Little wonder Japanese food is enjoying a boom in popularity.
Healthy and full of flavour, simple and bang on trend; it is the original fast food.
The West Midlands is spoiled for choice with stunning Japanese restaurants, most of which are located in and around the Second City. Birmingham offers a wide range of Japanese cuisine, from bao buns to teppanyaki, from sashimi to sushi.
There are outlets to please most guests.
Otoro Sushi, for instance, has just six seats and is located in a tiny, indoor market. Offering great quality of freshly made sushi, it’s an insider’s top tip.
Dominic Simmonds, formerly of Purnell’s Bistro, offers great noodles and bao buns in a cosy Caroline Street restaurant called Lucky Duck while Great Western Arcade and Grand Central are other locations in which diners can get their fill.
It’s no surprise that Birmingham’s China Town also has one of the city’s best outlets.
Ten Ichi offers high end delights, from top grade Japanese A5 wagyu beef to king crab claws. Ten Ichi is all about modern fresh Japanese food and sushi with a twist.
The menu focuses on the very best Japanese food with an array of fish, meat and vegetables available. The restaurant is all glitz and glamour, having recently been renovated to a high standard to provide a stylish modern setting.
There’s a wide range to choose from, including zensai, a range of fresh soups and salads. Tempura and agemono features seafood or vegetables coated with light, super-crunchy batter. Robata yakimono are grilled skewers of meat, seafood and vegetables.
Nigiri sushi is sushi rice combined with fresh fish or vegables; temaki sushi is similar but wrapped in crispy seaweed while makimono sushi are sushi rolls with a variety of fillings.
Then there’s plenty of sashimi, a selection of raw fresh fish; a range of bento boxes, each one containing a complete meal that is served with miso soup, salad and steamed while there are also menrui ramen dishes, featuring thin Noodles in miso-flavour.
A modern restaurant, high quality food and a city centre location – on Saturday lunchtimes you’d expect it to be packed. But this is the post-Covid era and Rishi Sunak’s Eat Out To Help Out has packed up its discount voucher and gone away.
And so when my partner and I visited, expecting a busy service, the restaurant had just four parties eating. Take that, bottom line, and don’t tell the accountant.
The confidence people needed to get out was provided by Eat Out To Help Out, people realise it’s safe. But they’re just not buying.
While villages and smaller towns are doing well, bigger cities are struggling to survive.
It’s a safe bet than 12 months from now, our gastronomic landscape will be nothing like the one of March 2020.
Good restaurants will have been wiped from the map, venues will have been replaced by charity shops or other forms of retail and people will be eating at home more and more often. These are the harshest of times.
Against that backdrop, it’s survival of the fittest, and you’d hope that Ten Ichi will last the course.
Birmingham’s China Town is a source of regional pride with exceptional restaurateurs, authentic dishes and fast service. It just needs customers…
On a Saturday at the end of summer, the city centre felt like it does at 8am on a Monday morning. There were few shoppers, no office workers, no tourists and a small number of people out for the day.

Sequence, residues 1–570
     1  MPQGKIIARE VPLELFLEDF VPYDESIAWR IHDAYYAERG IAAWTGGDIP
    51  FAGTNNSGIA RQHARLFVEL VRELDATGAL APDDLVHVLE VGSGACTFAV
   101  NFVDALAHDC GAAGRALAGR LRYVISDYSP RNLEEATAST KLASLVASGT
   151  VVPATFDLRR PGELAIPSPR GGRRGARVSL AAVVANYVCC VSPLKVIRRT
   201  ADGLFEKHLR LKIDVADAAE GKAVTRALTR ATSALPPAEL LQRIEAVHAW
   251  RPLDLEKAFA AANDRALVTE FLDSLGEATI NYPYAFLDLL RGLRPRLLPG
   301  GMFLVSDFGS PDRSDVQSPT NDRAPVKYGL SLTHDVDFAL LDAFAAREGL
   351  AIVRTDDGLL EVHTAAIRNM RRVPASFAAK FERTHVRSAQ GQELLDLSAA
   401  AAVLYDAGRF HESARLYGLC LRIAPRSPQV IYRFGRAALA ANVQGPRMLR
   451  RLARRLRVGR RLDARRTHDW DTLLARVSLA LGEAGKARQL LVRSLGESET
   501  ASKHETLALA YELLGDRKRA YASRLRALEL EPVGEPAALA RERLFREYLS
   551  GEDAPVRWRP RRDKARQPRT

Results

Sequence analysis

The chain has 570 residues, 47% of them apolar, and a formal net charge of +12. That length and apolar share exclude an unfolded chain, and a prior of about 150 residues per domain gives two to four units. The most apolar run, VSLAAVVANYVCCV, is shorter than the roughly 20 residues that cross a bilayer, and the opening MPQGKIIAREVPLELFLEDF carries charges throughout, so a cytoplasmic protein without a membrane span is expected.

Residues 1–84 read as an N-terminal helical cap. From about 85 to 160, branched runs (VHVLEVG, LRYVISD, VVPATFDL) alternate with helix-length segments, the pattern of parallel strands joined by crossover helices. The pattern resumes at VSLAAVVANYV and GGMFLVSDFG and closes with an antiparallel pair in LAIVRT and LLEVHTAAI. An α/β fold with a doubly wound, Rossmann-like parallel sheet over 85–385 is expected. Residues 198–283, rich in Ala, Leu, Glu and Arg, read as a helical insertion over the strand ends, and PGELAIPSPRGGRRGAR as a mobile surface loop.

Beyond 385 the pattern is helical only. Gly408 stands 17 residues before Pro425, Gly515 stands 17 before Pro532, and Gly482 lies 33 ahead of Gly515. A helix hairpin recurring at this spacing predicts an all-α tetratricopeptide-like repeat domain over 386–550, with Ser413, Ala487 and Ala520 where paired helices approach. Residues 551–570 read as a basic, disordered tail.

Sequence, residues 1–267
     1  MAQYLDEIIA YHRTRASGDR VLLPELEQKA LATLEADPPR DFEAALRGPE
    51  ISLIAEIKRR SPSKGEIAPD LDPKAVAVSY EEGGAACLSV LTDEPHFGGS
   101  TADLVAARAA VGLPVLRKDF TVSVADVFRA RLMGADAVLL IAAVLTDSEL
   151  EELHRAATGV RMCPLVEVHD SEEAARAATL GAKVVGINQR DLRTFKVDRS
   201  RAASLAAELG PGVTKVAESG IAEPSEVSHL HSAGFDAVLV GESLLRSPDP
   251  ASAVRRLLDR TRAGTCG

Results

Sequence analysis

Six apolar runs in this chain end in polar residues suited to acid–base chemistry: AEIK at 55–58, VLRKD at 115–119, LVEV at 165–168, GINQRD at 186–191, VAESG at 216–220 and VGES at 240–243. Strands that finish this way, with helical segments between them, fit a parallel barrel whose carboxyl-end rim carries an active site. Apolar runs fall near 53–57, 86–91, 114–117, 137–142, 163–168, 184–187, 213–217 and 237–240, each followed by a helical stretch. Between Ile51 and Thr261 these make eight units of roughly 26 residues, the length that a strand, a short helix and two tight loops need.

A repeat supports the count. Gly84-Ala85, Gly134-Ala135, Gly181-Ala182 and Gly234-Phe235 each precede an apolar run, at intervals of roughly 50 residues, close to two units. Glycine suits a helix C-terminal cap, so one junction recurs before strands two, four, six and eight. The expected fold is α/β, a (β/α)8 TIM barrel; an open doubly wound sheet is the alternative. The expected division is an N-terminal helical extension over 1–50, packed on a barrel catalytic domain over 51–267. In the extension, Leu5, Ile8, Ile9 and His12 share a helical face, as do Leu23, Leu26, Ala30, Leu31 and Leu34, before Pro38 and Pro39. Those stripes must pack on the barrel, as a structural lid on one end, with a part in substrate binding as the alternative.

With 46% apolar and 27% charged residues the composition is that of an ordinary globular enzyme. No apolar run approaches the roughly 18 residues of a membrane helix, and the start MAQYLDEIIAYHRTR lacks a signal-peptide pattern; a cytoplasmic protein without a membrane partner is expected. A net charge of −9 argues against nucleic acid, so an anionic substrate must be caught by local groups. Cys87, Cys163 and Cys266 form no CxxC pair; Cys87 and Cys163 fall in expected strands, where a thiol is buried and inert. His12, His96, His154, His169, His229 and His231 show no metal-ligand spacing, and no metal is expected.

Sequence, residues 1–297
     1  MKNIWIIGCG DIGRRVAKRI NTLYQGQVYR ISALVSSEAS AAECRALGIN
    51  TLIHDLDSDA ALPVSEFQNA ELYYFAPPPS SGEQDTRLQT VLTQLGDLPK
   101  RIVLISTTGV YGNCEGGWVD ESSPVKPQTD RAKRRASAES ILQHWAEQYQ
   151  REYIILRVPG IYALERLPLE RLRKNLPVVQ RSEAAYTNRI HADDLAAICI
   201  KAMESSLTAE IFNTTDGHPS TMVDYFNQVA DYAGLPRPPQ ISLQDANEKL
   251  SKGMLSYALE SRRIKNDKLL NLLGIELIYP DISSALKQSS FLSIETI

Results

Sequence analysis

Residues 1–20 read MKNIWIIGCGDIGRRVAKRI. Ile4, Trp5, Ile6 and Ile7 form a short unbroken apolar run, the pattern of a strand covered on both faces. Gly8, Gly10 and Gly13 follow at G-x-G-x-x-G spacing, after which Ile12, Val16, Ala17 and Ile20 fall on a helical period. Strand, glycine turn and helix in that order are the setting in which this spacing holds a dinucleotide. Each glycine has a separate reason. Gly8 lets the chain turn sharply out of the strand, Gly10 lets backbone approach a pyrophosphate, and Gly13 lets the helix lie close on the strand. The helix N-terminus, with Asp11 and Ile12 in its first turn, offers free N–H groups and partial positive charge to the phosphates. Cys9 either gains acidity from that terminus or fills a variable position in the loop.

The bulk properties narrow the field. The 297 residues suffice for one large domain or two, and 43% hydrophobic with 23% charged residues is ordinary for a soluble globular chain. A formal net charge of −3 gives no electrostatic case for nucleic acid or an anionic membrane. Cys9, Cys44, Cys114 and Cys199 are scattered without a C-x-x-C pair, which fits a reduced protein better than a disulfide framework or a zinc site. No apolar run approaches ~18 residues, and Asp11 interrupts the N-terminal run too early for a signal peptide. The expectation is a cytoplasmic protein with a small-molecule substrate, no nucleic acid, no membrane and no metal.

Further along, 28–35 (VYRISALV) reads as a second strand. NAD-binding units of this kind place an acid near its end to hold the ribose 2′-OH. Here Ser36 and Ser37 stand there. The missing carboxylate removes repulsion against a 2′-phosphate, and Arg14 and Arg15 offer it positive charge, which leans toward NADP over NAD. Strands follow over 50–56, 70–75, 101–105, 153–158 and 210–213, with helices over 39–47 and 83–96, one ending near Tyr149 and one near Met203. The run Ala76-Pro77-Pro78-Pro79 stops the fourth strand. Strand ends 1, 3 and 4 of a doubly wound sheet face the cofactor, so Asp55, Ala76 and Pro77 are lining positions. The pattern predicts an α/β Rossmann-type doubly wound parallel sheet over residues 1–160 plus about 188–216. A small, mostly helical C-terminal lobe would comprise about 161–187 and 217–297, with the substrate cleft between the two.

Which is a pity, because food and service at Ten Ichi were excellent.
Polite staff, fast service, deliciously fresh food and innovative flavours at a competitive price made for a good experience.
Tempted though I was by an offering of lobster, oyster and A5 wagyu, my overdraft thought better of it and we restricted ourselves to nourishing bowls of miso soup, a variety of sushi and sashimi.
The quality was excellent from beginning to end.
I started with sweet prawn sashimi and yellow tail sashimi with plenty of pickled ginger, soy and fresh wasabi. Served on a bed of ice, it was magnificent.
Yellow tail, also known as Hamachi, is a firm fish with a high fat content, making it excellent for sashimi. Buttery and desirably bold, with a slight tang, it was augmented by the hot, umami-rich condiments.
The sweet prawns, meanwhile, were precisely that. Clean as a whistle and as fresh as though just landed, they were gone in moments.
My partner’s miso was delicious. Salty, tangy and savoury, it had sparse accompaniments and provided an excellent start to her lunch.
My main was prawn tempura, which dazzled. The batter was sensational; crunchy like a brick snapping through thin glass, it held the plump, sweet-salty prawn within. Served with a piquant dip, they were a treat.
My partner, meanwhile, was enjoying a soft shell crab sushi roll. The crab was deliciously tender, the batter crisp and ‘snappy’, the sushi soft and delicate.
A separate platter of sushi was equally good. Tender rice, umami-rich soy, a spicy mayo, more salmon caviar than the counters of Fortnum & Mason made for enjoyable eating.
Service was first class throughout. A helpful waitress ferried drinks, answered questions and provided polite and attentive assistance over a happy lunch. Her restaurant manager was similarly skilled, providing courteous assistance.
The issue with Ten Ichi isn’t the food, service or environment. All score highly, as does value for money. The issue with Ten Ichi is the one facing the entire hospitality sector.
As Eat Out To Help Out is over and people are reluctant to head into our cities, where does it go from here? Does it spend money it doesn’t have on marketing? Does it drop prices to incentivise? Or does it sit tight and hope that people gradually pluck up confidence to return to old habits.
These are uncertain times and as good as Ten Ichi is, answers may not emerge for some time.
Miso soup, £2
Ebi gyoza, £4.80
Pork katsu, £6
Cold soya bean curd tofu, £4.25
Sea bass nigri, £3
Cooked sweet tofu, £3
Salmon nigri, £3
70 Hurst Street,Birmingham, B5 4TD
0121 622 4559